On August 15th, 1945, the Halifax Chinese community gathered on Grafton Street for a group photograph, marking Victory Day over Japan during the Second World War. The group is pictured in front of what was, at the time, the Chinese Benevolent Association and Hum Mow’s restaurant on Grafton Street. This photograph offers a rare glimpse into Halifax’s Chinese history.
There are far more men than women amongst the group in the photograph. Two Chinese women are seated in the front row and a young Chinese girl is seated in the second. Three Chinese women among all those Chinese men bears witness to the effectiveness of the Chinese Exclusion Act of 1923, which prevented Chinese from entering Canada. Thousands of Chinese men came to Canada for work in the late nineteenth and early twentieth centuries, often leaving wives and children behind. These men were instrumental in the construction of the Canadian Pacific Railway, where 15,000 temporary Chinese workers toiled and at least 600 died. Chinese labourers were typically paid low wages compared to non-Chinese workers. Following the completion of the railway, their growing numbers were seen as a threat to wage rates, thus Chinese were effectively shut out of Canada. As a result, many of the Chinese men in Canada, including those in this photograph, were unable to bring their wives and children over from China as planned. These Chinese men were known as “bachelor” men.
The other women in the photograph are Acadian. They moved to Halifax from rural areas of Nova Scotia and found work as waitresses in Chinese restaurants. This photograph is rare evidence of the link between the Chinese and Acadian communities in Halifax. When this photograph was on display in my 1997 exhibit at the Museum of Natural History, “Growing Up Chinese in Halifax,” I received several requests for copies. These requests were from the children of men in the photo, many of whom had never laid eyes on their father.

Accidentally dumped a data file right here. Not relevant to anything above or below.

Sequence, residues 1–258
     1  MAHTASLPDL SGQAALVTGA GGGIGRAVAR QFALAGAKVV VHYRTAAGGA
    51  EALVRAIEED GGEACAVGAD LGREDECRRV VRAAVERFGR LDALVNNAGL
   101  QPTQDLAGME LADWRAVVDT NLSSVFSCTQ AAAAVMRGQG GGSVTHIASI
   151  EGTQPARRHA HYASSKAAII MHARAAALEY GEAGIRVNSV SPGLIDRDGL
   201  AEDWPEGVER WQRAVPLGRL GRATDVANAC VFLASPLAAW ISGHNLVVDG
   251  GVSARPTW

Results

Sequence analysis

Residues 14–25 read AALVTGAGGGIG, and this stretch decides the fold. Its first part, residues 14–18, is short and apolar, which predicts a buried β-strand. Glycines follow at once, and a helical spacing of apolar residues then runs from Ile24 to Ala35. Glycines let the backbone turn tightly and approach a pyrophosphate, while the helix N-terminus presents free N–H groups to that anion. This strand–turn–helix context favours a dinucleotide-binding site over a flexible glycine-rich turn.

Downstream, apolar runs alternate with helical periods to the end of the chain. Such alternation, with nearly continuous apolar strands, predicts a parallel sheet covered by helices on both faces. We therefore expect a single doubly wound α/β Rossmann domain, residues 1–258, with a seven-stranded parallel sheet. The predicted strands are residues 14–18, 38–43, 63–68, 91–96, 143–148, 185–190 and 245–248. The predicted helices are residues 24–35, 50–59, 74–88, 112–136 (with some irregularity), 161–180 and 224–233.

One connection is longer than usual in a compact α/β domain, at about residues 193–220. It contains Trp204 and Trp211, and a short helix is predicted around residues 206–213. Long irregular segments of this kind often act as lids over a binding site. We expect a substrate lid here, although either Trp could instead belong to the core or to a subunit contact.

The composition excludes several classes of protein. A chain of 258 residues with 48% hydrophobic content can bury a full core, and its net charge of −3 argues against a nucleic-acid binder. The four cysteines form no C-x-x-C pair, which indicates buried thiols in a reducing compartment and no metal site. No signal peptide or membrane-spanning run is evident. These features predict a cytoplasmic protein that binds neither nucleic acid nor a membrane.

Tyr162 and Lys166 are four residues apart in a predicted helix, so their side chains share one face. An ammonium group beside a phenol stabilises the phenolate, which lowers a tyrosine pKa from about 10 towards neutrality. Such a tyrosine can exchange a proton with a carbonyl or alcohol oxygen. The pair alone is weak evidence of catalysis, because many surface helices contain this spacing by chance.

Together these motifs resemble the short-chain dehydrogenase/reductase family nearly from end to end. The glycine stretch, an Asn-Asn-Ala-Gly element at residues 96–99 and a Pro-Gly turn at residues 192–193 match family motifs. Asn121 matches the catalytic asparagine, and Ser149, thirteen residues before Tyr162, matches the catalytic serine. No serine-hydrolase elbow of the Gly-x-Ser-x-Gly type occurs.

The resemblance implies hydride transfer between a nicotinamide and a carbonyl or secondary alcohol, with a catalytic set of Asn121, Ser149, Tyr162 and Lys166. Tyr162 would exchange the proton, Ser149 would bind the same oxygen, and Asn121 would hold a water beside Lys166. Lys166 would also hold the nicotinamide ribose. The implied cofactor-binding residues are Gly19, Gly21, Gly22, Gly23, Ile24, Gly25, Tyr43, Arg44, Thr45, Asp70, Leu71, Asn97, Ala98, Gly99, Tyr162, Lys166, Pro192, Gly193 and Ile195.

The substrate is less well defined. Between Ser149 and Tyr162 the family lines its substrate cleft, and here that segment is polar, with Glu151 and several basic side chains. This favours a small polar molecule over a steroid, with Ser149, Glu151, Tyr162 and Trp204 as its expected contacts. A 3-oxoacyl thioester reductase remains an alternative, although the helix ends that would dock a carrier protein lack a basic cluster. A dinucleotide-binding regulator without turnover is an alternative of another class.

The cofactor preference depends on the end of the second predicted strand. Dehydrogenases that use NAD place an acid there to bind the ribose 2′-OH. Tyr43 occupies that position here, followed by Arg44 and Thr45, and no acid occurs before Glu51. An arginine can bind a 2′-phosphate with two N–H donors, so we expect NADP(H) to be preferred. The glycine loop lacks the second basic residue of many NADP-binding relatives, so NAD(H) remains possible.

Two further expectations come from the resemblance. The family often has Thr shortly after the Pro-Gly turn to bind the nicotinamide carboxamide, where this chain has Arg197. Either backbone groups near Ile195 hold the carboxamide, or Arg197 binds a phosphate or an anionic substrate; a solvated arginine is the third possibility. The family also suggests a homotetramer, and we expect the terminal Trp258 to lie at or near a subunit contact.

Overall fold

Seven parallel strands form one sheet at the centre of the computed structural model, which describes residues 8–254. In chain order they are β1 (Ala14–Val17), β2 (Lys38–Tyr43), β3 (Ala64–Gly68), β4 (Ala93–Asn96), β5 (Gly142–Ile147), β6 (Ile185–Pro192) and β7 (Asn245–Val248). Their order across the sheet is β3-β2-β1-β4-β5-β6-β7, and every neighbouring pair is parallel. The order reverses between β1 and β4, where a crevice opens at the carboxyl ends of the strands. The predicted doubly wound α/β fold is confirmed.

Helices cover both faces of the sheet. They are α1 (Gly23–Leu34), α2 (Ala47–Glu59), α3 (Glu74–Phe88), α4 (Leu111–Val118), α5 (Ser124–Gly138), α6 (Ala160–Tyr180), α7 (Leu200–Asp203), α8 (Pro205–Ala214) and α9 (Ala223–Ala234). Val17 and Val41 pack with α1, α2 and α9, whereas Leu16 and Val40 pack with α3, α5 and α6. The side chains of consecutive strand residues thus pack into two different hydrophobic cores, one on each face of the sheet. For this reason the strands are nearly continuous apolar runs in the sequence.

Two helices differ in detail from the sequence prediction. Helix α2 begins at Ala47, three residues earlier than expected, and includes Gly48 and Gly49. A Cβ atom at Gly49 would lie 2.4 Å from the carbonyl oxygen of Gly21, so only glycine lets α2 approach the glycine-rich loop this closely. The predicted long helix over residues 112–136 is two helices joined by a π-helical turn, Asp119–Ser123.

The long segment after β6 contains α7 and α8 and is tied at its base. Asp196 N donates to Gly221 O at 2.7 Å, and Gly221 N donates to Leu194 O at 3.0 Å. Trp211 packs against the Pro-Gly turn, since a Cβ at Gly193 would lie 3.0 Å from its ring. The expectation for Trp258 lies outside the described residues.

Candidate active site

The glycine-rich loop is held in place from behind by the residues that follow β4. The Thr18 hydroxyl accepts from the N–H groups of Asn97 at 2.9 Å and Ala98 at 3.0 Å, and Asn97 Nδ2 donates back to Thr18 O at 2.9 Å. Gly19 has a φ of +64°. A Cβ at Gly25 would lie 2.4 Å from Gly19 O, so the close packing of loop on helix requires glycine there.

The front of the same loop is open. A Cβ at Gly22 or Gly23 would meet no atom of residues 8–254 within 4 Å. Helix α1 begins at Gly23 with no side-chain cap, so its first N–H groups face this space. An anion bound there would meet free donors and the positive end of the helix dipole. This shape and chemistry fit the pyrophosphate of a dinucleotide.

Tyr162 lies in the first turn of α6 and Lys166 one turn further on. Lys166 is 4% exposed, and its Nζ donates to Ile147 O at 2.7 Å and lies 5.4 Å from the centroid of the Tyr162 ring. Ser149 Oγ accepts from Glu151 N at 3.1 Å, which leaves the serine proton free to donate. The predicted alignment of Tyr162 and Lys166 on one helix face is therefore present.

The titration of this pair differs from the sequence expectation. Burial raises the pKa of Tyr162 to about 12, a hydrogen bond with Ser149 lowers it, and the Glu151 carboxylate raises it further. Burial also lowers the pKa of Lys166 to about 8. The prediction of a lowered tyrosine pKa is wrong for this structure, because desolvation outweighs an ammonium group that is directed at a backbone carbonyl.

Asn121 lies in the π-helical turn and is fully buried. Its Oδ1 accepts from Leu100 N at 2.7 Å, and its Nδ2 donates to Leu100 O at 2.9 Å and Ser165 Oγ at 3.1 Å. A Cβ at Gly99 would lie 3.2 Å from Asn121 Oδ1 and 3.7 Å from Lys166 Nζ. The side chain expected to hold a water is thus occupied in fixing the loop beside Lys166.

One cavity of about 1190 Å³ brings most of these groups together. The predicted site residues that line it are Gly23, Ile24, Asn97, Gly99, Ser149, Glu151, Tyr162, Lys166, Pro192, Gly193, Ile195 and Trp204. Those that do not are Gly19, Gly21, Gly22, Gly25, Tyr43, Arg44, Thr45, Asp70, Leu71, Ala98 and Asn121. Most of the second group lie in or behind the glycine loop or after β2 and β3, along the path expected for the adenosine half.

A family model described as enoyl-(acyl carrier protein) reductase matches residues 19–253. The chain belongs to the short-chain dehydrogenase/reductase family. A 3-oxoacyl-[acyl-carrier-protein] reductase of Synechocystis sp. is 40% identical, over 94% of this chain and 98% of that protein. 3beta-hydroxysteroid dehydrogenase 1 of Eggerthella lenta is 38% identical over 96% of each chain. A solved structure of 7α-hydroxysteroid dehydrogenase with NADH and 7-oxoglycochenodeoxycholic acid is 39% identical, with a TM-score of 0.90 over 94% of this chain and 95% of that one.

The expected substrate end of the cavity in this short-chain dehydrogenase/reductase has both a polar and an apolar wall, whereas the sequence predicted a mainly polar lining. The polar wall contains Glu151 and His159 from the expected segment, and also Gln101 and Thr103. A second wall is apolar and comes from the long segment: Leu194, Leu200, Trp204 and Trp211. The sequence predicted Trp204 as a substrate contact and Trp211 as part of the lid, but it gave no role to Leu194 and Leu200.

The Chinese Exclusion Act was repealed in 1947, and the wives and children of Chinese men began to enter Canada. Some Acadian women had children by Chinese men in Halifax and were left to fend for themselves once the wives arrived. Although some Acadian women kept their children, my father, Shew Chuck Lee (1907-1990), an elder in the Chinese community, said he took some of the Acadian-Chinese children to orphanages. As a result, this photograph taken on Victory Day over Japan was the first photo some of these children, now grown, had ever seen of their father. A few of them cried when I gave them the copy. It’s a sad and relatively unknown part of Halifax history.
Upon the arrival of the Chinese wives, Halifax's Chinese population began to grow. Halifax, like Saint John and Charlottetown, had Chinese restaurants and laundries along the main thoroughfares to the waterfront and the main train stations. This was in contrast to cities like Montreal, Toronto, and Vancouver, where the Chinese were restricted by law to areas that came to be called “Chinatown.”
In 1952, there were 44 Chinese-owned restaurants and cafes plus between 15 and 20 hand laundries in Halifax and Dartmouth. Restaurants served mainly western food – hot chicken sandwiches, grilled pork chops, and complete dinner plates. One of the best-known restaurants was Hum Mow’s on Grafton, which was in the building behind the group in the photograph. The main floor contained a small room where men would smoke and play mah-jong. Upstairs was a large boardroom for Chinese Benevolent Association meetings. A Chinese school was held there for a few summers in the 1960s. An old Chinese man lived in a small corner room with a window overlooking Grafton Street. Downstairs in the basement was the famous Hum Mow’s. Big black Cadillacs would pull up to the restaurant in the evenings with men in tuxedoes and women in fur coats coming from the dance halls after they closed for the night. Reporters and editors from the Chronicle Herald and the Mail Star would arrive after the newspapers went to press. Local politicians and staff from the American consulate also came for food and drink. Hum Mow’s was well known for its “special tea” – scotch and rum served in Chinese teapots. In the 1950s and 1960s, it was illegal for women to be served alcohol with men but the “special tea” got around that restriction. Hum Mow’s had a laid-back atmosphere. It was never raided by the police and the liquor laws were conveniently ignored.
The building on Grafton Street and this photograph are only a few reminders left of the rich history of Chinese settlement in Halifax.